April 1 might be officially known as April Fool’s Day, but anyone who has ever known the shame of falling for an elaborate prank knows it’s more like Constant Vigilance Day. It’s a holiday (“holiday”) that reminds us to question the reliability of our closest friends and family, favorite publications or trusted brands, lest we fall victim to one of their pranks.
But in the digital era, when so much information is thrown at us every day, it seems odd that we should save only one day each year for keeping our bullshit detectors on high alert. Bad information dresses up as legitimate 365 days of the year, and even the most trusted monoliths of factual truth, from newspapers to scientific journals, can get it wrong.
Consider the paper “Chocolate With High Cocoa Content as a Weight-Loss Accelerator” published in the serious-sounding journal International Archives of Medicine. The too-good-to-be-true research went viral and was publicized by media outlets around the world, until the author ultimately admitted it was a hoax designed to draw attention to the wide proliferation of fake science.
But even when scientific methods are honest in intent, science “can yield false results,” according to Pacific Standard’s Michael Schulson. “The ways that researchers frame questions, process data, and choose which findings to publish can all favor results that are statistical aberrations — not reflections of physical reality.” Dwindling public funding to replicate previous studies, a lack of scrutiny in the science press and the pressure scientists feel to draw flashy conclusions from their work only make the problem worse. So how are we supposed to separate “undeniable fact” from “let’s get a second opinion” and “LOL, yeah right”?
Here are a handful of red flags to watch out for to keep you from getting April-fooled by “science” — even when it’s not April.
The first study’s not the deepest
First rule: trust no one study. That’s not to say a single study can’t suggest or discover something new, or even disprove a widely believed notion about the universe as we know it (like this study that disproved the idea that facial expressions are universal). But one paper doesn’t make for good science. The key to establishing a scientific fact (or as close to “facts” as humans can get, anyway) is replicability: the more people who can get the same results with the same strategy, the more likely that discovery is rock-solid.
Be skeptical of headline-making, astounding conclusions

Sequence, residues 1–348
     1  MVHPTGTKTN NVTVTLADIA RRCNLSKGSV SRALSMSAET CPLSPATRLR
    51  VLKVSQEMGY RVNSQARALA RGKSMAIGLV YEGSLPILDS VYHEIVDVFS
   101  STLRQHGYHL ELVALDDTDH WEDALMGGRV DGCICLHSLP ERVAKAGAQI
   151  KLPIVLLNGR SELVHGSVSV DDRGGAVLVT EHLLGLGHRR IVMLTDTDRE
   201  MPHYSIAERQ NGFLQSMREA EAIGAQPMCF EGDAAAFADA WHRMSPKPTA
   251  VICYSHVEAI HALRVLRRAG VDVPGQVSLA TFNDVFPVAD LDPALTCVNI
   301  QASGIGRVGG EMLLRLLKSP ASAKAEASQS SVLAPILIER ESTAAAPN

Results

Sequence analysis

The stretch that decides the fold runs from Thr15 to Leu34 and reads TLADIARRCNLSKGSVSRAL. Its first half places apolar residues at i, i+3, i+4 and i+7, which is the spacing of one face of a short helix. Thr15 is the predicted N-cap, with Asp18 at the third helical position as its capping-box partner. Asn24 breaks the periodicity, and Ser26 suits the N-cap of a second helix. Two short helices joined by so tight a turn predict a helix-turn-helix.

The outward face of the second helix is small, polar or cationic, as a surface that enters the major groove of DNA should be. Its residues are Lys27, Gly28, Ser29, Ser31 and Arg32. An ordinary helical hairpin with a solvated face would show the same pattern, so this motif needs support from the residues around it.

To be safe, you can probably just throw any diet study out the window the minute you come across it. Most of these — chocolate helps you lose weight, alcohol makes you live longer, etc. — are probably not founded in a whole lot of scientific rigor, both because the conclusions seem to apply to everyone, and because we want to believe that doctors and scientists have always been wrong about the stuff that’s bad for us. Another version of this red flag: findings that seem to reinforce society’s preconceived notions about normalcy — think scientific racism or BMI as a measure of a person’s health.
Check the sample size
“Here’s a dirty little science secret,” wrote John Bohannon, the science writer behind the chocolate-helps-weight-loss hoax. “If you measure a large number of things about a small number of people, you are almost guaranteed to get a ‘statistically significant’ result.” In other words, when your sample size isn’t large, it’s impossible to make sound generalizations about that sample’s ability to accurately portray the larger population. It’s even worse when, like in Bohannon’s study, the participants vary dramatically in age, gender, race, religion, nationality or any other background factors, and even worse when you’re taking many different measurements from them. When you seek answers from a small, nonspecific group, “data” is pretty much open to any interpretation you want to see.
Note the methodology
This one should be easy for anyone who’s ever purposefully underreported their alcohol consumption to their doctor — everybody lies. Even if every person in a study’s test group is telling the truth, everyone brings different life experiences and preconceived notions to how they interpret their experience, which makes inconsistencies a given. Added up, a lot of tiny inaccuracies make for one big blind spot — and extremely shaky conclusions — even if all you’re measuring is a population’s voting preferences.
Consider the source
Thanks to the internet, people and ideas don’t have to rely on the whims of judgmental gatekeepers to gain traction with an audience anymore. This is great for amateur musicians and self-publishing authors, but when it comes to science, this evolution can have pretty catastrophic effects. First, it allowed for the rise of open-access journals. Although these publications nobly make scientific research available to readers for free, they lack the scrutiny of established academic publications, including peer review. (Case in point: the same guy who did that chocolate study also managed to get B.S. studies published in over half the open-access journals he submitted to.)
Second, because public money has become so hard to come by in academia and scientific research, the rise of research funded by private individuals and companies with their own agendas means that today’s scientific research comes with more political baggage than ever. (This staggering 2014 New York Times piece outlining the crisis is absolutely worth a read.) Just to be safe, it’s best to treat your science news as you would a celebrity death hoax or a seemingly satirical headline: save some face by doing a few Google searches before sharing that article.
Devon Maloney is an L.A.-based writer. She previously wrote about whether or not millennials will ever get to retire.